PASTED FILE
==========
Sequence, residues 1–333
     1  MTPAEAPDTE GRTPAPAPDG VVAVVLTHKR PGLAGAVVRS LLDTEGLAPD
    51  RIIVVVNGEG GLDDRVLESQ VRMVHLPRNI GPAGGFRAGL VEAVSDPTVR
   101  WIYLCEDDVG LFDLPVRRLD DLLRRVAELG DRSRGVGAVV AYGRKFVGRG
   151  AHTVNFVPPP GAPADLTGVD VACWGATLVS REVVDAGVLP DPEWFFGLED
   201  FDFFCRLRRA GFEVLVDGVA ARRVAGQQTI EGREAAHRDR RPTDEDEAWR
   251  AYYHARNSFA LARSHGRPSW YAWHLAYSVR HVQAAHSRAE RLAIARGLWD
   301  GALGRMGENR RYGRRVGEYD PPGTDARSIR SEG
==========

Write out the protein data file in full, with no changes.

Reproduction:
Sequence, residues 1–333
     1  MTPAEAPDTE GRTPAPAPDG VVAVVLTHKR PGLAGAVVRS LLDTEGLAPD
    51  RIIVVVNGEG GLDDRVLESQ VRMVHLPRNI GPAGGFRAGL VEAVSDPTVR
   101  WIYLCEDDVG LFDLPVRRLD DLLRRVAELG DRSRGVGAVV AYGRKFVGRG
   151  AHTVNFVPPP GAPADLTGVD VACWGATLVS REVVDAGVLP DPEWFFGLED
   201  FDFFCRLRRA GFEVLVDGVA ARRVAGQQTI EGREAAHRDR RPTDEDEAWR
   251  AYYHARNSFA LARSHGRPSW YAWHLAYSVR HVQAAHSRAE RLAIARGLWD
   301  GALGRMGENR RYGRRVGEYD PPGTDARSIR SEG